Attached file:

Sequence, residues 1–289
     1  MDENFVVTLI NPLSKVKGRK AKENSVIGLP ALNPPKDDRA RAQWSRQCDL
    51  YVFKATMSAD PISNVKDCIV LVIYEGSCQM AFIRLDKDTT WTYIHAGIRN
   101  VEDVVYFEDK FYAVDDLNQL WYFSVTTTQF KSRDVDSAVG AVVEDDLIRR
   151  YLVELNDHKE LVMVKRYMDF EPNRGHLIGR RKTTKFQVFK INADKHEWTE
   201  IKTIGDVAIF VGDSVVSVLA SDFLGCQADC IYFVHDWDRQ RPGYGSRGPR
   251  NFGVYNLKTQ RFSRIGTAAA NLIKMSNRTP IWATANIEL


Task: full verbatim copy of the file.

Sequence, residues 1–289
     1  MDENFVVTLI NPLSKVKGRK AKENSVIGLP ALNPPKDDRA RAQWSRQCDL
    51  YVFKATMSAD PISNVKDCIV LVIYEGSCQM AFIRLDKDTT WTYIHAGIRN
   101  VEDVVYFEDK FYAVDDLNQL WYFSVTTTQF KSRDVDSAVG AVVEDDLIRR
   151  YLVELNDHKE LVMVKRYMDF EPNRGHLIGR RKTTKFQVFK INADKHEWTE
   201  IKTIGDVAIF VGDSVVSVLA SDFLGCQADC IYFVHDWDRQ RPGYGSRGPR
   251  NFGVYNLKTQ RFSRIGTAAA NLIKMSNRTP IWATANIEL